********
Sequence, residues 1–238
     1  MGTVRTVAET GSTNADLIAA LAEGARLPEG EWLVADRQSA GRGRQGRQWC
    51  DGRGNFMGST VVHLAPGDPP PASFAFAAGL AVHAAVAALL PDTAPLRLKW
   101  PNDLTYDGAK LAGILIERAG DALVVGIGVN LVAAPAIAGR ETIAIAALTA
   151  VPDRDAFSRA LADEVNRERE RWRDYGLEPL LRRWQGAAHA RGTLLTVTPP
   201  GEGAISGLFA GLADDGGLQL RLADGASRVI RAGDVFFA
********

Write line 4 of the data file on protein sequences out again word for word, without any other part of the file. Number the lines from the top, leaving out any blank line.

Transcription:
   101  PNDLTYDGAK LAGILIERAG DALVVGIGVN LVAAPAIAGR ETIAIAALTA